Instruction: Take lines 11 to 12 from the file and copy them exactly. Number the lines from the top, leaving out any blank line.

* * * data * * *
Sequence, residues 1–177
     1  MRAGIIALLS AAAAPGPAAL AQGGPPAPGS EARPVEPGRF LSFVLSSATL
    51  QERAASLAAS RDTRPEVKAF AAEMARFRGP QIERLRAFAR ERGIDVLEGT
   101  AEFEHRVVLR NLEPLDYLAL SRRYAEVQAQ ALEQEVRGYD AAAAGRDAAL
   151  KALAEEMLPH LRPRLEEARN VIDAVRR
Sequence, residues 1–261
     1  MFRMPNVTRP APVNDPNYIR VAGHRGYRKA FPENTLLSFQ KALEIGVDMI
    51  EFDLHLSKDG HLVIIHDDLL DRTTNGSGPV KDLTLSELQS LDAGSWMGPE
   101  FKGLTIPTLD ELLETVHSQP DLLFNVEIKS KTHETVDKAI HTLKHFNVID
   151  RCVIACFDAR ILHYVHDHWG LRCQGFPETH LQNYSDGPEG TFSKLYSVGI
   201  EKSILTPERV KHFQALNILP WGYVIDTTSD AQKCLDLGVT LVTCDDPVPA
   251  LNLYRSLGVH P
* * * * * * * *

   201  EKSILTPERV KHFQALNILP WGYVIDTTSD AQKCLDLGVT LVTCDDPVPA
   251  LNLYRSLGVH P